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24 - Idiopathic Intracranial Hypertension

from SECTION III - SPECIFIC NEUROLOGICAL CONDITIONS

Published online by Cambridge University Press:  06 August 2009

Eric R. Eggenberger
Affiliation:
Michigan State University East Lansing, Michigan
Sid M. Shah
Affiliation:
Assistant Clinical Professor Michigan State University
Sid M. Shah
Affiliation:
Michigan State University
Kevin M. Kelly
Affiliation:
Drexel University, Philadelphia
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Summary

Idiopathic intracranial hypertension (IIH) is considered when evaluating a young patient with symptoms such as headache, transient visual obscuration or finding of palliedema. Lumbar puncture (LP) with opening pressure recording and cerebrospinal fluid (CSF) examination are required in patients with suspected IIH. Patients with IIH can have large variations in intracranial pressure (ICP), but rarely a single measurement of ICP is normal. Pathological conditions that resemble IIH clinically include cerebral mass lesions, hypertensive encephalopathy, hydrocephalus, and dural sinus thrombosis. Chronic forms of meningitis such as cryptococcal meningitis can resemble IIH initially because of headache and papilledema. Changes in visual acuity or visual-evoked potentials are signs of end-stage IIH-related optic nerve injury. Hospitalization is required when rapid visual loss or serious complications of IIH are suspected. Consultation with a neurologist, ophthalmologist, and neurosurgeon is indicated according to the severity of symptoms and the current treatment.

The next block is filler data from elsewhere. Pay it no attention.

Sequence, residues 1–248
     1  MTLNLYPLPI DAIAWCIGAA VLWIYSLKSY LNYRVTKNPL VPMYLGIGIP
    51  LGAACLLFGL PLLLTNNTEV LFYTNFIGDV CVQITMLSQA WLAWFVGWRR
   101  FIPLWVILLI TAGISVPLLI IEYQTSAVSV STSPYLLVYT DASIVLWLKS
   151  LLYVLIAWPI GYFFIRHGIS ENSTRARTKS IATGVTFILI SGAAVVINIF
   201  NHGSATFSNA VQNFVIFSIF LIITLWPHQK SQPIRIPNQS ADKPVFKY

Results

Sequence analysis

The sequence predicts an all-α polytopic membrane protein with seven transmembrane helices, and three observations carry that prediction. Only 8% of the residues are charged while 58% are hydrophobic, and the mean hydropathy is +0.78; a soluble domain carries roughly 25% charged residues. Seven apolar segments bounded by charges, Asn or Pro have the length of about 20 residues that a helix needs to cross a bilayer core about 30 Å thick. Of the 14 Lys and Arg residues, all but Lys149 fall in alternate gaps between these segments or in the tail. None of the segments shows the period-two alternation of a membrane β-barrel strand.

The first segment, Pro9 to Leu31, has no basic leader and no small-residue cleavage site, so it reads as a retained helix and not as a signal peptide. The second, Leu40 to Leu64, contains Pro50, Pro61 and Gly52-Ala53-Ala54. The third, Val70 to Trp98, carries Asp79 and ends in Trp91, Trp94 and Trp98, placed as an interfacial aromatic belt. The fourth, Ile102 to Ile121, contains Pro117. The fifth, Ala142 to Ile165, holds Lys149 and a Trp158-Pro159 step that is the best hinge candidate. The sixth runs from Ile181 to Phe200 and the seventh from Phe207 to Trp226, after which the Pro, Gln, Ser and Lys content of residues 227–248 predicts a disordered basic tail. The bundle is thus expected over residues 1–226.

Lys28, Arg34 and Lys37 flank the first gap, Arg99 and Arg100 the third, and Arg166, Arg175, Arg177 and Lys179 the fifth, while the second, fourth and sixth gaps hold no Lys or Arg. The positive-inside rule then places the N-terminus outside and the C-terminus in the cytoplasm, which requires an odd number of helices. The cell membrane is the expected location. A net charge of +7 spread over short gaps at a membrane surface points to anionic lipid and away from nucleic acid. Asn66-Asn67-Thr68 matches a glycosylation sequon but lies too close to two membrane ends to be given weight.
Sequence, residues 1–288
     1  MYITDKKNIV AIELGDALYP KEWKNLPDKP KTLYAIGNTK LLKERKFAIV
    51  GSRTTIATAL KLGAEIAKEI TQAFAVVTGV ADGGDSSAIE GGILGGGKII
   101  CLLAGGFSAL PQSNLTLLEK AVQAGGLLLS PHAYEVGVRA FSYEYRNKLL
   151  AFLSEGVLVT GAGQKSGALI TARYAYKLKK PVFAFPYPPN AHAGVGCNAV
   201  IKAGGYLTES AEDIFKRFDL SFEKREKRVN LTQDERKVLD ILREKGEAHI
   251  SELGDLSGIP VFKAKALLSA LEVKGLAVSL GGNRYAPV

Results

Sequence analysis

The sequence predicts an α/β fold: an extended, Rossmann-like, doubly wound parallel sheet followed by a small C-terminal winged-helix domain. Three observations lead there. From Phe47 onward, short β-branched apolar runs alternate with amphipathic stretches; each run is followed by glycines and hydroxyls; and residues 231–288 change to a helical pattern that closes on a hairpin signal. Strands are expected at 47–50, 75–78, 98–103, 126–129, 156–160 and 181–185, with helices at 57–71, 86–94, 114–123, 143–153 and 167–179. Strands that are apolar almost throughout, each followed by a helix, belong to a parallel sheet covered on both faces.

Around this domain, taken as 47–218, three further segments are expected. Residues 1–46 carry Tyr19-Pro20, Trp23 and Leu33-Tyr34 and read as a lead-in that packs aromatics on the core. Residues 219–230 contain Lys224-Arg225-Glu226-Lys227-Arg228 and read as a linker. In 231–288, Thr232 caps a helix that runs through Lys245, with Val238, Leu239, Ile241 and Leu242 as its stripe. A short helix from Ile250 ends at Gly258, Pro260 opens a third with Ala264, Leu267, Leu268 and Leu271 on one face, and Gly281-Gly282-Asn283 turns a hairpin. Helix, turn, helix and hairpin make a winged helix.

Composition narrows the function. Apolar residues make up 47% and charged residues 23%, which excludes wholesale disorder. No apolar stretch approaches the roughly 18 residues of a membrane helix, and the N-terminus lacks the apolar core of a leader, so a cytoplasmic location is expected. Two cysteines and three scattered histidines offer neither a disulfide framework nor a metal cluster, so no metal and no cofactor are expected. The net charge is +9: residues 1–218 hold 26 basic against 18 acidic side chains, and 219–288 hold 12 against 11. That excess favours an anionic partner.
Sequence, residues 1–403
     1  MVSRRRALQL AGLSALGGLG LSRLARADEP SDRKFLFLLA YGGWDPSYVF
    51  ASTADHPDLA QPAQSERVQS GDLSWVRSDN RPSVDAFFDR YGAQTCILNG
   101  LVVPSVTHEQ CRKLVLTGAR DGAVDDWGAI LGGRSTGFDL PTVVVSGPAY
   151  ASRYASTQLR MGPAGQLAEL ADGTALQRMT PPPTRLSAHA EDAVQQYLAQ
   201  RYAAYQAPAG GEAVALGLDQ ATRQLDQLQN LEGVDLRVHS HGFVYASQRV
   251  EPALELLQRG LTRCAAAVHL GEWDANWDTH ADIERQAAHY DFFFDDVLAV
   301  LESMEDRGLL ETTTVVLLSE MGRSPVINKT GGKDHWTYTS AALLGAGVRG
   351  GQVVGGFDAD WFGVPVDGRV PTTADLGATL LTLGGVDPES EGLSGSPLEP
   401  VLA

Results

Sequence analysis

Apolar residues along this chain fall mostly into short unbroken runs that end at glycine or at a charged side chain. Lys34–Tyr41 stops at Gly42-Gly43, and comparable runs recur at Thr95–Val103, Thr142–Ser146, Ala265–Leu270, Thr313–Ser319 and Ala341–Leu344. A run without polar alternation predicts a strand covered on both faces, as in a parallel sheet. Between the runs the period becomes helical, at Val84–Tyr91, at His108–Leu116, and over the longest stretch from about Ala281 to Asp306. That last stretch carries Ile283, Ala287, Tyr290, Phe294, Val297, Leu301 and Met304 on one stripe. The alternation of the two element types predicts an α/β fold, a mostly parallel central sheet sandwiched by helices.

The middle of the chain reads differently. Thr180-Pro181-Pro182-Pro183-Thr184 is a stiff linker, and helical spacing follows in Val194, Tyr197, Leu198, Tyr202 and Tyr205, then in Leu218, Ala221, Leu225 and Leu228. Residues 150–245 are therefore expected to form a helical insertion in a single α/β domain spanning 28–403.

Type
Chapter
Information
Principles and Practice of Emergency Neurology
Handbook for Emergency Physicians
, pp. 252 - 259
Publisher: Cambridge University Press
Print publication year: 2003

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References

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